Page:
big surprises on the men’s podium, A clinch win for France and a bitter defeat for Henrik Harlaut and Andri Ragettli… Here’s the recap of the finals!
After a touch of bad weather during the women’s qualifications on Friday, we were treated to magnificent sunshine for the end of the 2020 FIS Freeski World Cup slopestyle in Font-Romeu, France. Though firm conditions for much of the morning threw a wrench into the plans of some competitors, they didn’t stop others from putting on a magnificent show for the crowd of thousands of stoked French freeski fans that turned out to watch them.
The Canadian Surprise
On the men’s side, the final standings were a real shocker, with even the guy on top of the podium surprised at the result. Among all the big names in slopestyle on hand, it was a dark-horse competitor, Canada’s Mark Hendrikson, who bagged first place with a score of 86.3 points, securing the first podium finish of his World Cup career.
“I didn’t get the front 2 out on the last rail, but that didn’t matter,” said Henrickson. “I was happy with everything I did, I just put a clean run down, and it was enough I guess!”
In second place we find Jesper Tjäder, who put down a good first run with solid tricks in the rails including a disaster 450, continuing 270 on the down-flat-down that helped him post a score of 85.70. He wasn’t able to improve his score on his second run, but his first go remained good enough for the podium.
“I landed that run and didn’t think that it would be on the podium,” said Tjäder. “But everyone started crashing I guess… I don’t know, I’m really happy with it. It’s a good start.”
The young American Cody Laplante competed the podium, achieving the best result of his career on his sixth start at a World Cup with a run that scored 83.45 points. “I feel great!” said Laplante. “I wanted to show what I was capable of by sending the best possible run. It wasn’t the hardest, but I got it as clean as possible. So yeah, I’m glad to be here!”
Missing the cut
Just as surprising as some of the names on the podium, were some of the big names that didn’t make it. The day was a minor disappointment for Swiss favorite Andri Ragettli, who finished just outside the podium in fourth. Henrik Harlaut, who made a great showing during Thursday’s qualifications, also had no luck in the finals. He made mistakes in both his runs, but that didn’t discourage him from showing what he was capable of in the rail section, with a crazy gap 630 out of the flat-down rail.
“I felt horrible on the first run, and I’m not really happy with my second one,” said Harlaut. “I crashed and I messed up the second rail, but it’s okay. I hope next time it won’t be so icy!”
Swiss rider Kim Gubser tossed the only triple of the event in his second run, but ended up in 10th place with a score of only 75.20. “For me it was a perfect run, but the rail features didn’t work as expected,” said Gubser.
Don’t Mess With Tess
It was a sick final on the women’s side, with a good level and lots of stylish tricks in the jump section. And finally, some good news for the French team as Tess Ledeux brought home the gold.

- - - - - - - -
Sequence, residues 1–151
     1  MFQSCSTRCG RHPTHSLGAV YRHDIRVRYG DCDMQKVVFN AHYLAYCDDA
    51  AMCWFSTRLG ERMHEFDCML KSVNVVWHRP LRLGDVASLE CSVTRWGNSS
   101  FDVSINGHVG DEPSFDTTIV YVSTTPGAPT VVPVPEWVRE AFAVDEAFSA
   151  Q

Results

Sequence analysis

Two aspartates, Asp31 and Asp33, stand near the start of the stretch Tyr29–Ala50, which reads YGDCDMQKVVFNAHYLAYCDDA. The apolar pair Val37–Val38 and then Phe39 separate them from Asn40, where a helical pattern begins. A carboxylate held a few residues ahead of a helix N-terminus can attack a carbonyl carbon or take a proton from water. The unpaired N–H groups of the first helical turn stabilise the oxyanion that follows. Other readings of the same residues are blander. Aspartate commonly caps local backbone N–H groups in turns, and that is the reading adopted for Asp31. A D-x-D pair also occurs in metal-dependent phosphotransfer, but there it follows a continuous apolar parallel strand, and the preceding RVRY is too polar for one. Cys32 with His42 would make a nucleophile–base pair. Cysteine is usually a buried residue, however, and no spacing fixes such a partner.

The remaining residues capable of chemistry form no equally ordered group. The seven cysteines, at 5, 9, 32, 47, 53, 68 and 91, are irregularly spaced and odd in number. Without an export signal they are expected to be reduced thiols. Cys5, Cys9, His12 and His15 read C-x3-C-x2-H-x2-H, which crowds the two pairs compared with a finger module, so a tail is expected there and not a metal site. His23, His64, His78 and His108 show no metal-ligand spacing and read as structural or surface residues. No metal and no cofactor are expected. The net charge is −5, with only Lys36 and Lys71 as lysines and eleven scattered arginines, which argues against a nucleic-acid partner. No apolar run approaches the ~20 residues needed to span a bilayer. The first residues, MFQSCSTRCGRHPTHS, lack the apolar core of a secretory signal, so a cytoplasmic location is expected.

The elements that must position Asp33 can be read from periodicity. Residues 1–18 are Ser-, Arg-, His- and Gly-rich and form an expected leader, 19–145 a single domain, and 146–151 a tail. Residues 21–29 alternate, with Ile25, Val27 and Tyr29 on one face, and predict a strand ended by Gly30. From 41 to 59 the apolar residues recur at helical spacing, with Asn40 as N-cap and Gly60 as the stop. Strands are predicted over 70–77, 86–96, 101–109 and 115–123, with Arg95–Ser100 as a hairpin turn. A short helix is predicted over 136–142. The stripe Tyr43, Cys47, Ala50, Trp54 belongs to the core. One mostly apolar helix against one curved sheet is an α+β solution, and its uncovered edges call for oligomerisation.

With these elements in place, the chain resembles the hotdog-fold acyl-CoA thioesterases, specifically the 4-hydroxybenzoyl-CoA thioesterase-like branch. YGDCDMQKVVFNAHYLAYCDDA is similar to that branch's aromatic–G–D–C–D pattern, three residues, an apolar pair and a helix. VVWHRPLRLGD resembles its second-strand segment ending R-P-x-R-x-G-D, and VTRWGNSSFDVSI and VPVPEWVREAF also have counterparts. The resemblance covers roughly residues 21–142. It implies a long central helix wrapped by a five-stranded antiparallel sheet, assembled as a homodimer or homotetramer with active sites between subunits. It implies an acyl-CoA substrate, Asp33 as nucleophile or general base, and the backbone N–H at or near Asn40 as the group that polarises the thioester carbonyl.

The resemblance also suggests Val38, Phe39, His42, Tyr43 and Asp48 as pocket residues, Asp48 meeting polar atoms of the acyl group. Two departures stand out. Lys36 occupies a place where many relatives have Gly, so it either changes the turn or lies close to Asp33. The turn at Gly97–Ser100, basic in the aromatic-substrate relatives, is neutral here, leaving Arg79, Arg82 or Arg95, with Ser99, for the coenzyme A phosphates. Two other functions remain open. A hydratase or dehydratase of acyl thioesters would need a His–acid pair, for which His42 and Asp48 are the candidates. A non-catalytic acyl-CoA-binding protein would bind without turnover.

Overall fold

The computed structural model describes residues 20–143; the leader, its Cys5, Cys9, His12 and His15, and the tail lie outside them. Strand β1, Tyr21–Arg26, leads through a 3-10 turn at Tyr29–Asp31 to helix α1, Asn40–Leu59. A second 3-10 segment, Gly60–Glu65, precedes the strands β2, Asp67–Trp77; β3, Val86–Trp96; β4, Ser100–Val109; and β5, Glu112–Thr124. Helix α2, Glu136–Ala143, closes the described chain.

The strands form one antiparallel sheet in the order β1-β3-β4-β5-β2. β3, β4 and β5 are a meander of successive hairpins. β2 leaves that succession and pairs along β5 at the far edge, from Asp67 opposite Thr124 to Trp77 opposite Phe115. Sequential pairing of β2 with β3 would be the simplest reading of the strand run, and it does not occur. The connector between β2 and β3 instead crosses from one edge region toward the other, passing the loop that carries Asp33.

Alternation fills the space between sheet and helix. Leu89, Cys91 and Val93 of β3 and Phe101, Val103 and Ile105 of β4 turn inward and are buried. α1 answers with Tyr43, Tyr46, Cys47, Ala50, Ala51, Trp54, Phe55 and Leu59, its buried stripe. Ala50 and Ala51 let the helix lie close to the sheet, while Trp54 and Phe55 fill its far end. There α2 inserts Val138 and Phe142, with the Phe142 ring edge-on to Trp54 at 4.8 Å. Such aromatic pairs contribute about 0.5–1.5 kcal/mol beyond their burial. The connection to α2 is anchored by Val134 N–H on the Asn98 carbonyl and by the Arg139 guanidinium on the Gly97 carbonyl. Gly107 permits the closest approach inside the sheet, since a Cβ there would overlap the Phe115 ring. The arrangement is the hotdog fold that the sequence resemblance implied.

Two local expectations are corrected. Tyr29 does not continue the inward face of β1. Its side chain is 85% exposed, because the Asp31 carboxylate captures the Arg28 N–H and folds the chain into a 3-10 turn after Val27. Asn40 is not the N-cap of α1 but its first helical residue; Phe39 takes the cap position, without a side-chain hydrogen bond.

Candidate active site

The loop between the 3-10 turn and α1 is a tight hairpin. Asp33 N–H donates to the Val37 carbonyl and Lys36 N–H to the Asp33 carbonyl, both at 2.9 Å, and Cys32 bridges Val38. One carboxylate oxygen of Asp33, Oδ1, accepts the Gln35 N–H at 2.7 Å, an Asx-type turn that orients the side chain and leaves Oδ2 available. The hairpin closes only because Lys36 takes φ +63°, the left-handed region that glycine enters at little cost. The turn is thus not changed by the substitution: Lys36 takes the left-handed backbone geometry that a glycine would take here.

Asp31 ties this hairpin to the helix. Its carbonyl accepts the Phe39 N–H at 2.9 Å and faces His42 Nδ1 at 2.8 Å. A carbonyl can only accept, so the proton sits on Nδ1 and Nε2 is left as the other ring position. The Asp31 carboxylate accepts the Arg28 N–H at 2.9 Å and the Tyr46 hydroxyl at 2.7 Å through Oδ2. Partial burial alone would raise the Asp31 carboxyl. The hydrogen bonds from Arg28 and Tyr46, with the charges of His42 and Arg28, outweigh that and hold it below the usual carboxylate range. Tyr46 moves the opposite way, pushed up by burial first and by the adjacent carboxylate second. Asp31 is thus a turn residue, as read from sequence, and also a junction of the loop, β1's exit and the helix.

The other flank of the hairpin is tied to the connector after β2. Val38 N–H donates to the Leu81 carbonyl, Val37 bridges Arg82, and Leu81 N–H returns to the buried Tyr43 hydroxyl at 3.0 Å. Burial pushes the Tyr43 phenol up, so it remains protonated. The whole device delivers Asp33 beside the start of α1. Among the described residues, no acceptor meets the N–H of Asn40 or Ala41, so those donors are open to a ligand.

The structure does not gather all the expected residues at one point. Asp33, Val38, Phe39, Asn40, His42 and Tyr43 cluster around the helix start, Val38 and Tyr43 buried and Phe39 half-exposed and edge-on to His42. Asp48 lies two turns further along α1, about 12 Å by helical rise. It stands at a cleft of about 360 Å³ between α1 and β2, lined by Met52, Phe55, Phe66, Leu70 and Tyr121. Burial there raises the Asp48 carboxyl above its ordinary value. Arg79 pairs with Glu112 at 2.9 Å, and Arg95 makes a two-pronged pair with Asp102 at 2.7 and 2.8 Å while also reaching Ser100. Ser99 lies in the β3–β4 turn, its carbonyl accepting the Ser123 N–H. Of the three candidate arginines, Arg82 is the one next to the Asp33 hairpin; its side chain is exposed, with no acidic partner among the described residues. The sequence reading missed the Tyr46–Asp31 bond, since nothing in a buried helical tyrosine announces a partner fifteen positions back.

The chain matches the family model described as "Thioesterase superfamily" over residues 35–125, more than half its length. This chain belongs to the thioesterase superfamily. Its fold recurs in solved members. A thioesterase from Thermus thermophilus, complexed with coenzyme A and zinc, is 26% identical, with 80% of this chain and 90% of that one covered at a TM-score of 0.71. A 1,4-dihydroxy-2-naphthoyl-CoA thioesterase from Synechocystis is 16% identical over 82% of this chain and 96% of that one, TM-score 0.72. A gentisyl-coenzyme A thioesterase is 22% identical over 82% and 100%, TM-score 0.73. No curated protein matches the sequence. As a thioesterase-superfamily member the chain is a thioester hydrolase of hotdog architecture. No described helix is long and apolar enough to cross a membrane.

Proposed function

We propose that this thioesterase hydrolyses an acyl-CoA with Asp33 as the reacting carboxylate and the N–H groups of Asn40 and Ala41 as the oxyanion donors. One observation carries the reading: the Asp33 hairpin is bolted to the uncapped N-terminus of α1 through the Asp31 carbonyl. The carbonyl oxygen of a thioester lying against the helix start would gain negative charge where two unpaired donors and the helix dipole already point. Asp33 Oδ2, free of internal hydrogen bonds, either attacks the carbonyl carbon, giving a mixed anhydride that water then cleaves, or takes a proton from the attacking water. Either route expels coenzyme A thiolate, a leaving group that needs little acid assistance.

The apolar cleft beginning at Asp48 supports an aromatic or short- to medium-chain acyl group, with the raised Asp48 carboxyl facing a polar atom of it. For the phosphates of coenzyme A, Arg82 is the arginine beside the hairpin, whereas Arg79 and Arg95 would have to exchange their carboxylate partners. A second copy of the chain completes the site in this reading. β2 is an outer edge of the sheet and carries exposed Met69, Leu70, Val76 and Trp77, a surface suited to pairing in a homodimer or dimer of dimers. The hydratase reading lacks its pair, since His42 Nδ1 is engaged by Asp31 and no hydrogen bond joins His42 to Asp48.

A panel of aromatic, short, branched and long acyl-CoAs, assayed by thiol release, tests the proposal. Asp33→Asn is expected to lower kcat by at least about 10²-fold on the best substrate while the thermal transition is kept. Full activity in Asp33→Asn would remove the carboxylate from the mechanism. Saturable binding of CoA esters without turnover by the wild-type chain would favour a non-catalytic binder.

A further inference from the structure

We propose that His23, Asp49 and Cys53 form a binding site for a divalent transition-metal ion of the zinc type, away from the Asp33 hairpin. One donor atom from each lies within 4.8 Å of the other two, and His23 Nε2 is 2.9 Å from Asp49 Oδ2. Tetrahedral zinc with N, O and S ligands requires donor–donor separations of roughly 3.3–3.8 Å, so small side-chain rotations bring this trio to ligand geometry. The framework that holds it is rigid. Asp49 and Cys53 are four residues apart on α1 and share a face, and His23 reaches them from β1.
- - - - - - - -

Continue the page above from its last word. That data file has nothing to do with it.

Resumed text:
Since the start of this competition and disappointing results in the qualifiers, a shadow had fallen over the French team. During Tess’ first run, it seemed this curse was still in play when she made a mistake in the rail section. But the Savoyard rider delivered with a heavy second run where she showed the full extent of her talent. Switch 900 mute grab, 900 true tail, switch bio 900, 450 out on the bonk, switch-up on the flat down and 270 out on the down-flat-down, Tess’s run was near-perfectly executed, earning her the score of 81.25. This is the third time in four editions that the young Frenchwoman has won at Font-Romeu.
“I’m super happy!” reported Ledeux. “I was super stressed after my first run, so I’m super happy to have made it to the bottom on the second one!”
Tess delivers for the home team. Photo: Widovitch
Switzerland follows close
The two Swiss women who completed the women’s podium aren’t just anyone… Giulia Tanno, long at the top of the scoreboard after an impressive first run, ended in second place after Tess unseated her. “It’s pretty surreal because I didn’t do the run I wanted the way I visualized it,” said Tanno. “So I’m really happy with the result!”
She was followed on the podium by Sarah Hoefflin, the winner of Friday’s qualifications. The 29-year-old rider took third place with 74.95 points thanks to a very good first run. “I would have liked to land my switch 1080 on the 2nd run,” said Hoefflin. “It didn’t work, but that doesn’t matter! I’m here to ride, so it’s cool.”
The annual visit by the Freeski World Cup is a major highlight for this small resort in the French Pyrenees. Thousands of onlookers packed the slopes for the show, with many traveling long distances to take in the spectacle of world-class slopestyle skiers.
“We drove for three hours just to see the show,” said Thomas, who came with his friends from Toulouse to watch the contest before heading for a nearby party. However, a solid three quarters of the spectators were locals like Mathis. “I’m here to see my idols,” he said. At the bottom of the slopestyle course, hundreds of kids like Mathis lined up to see their favorite riders, take photos and maybe snag an autograph.
“It’s important for us to have this kind of event in the Yyrenees,” explained Clement, a local freeski fanatic. “It shows that we can make this happen here, too, and that we are capable of doing big things even here in Font-Romeu.”
“And of course, it helps us to have a great park!” added Clement’s friend Aymeric with a laugh. “We will see how it is after the finals!”
Here in Font-Romeu, this kind of event is very important for the ski community. As I witnessed throughout the week, it brings a lot of fun and excitement to this little French family ski area.
Final Results - Men
Final results - Women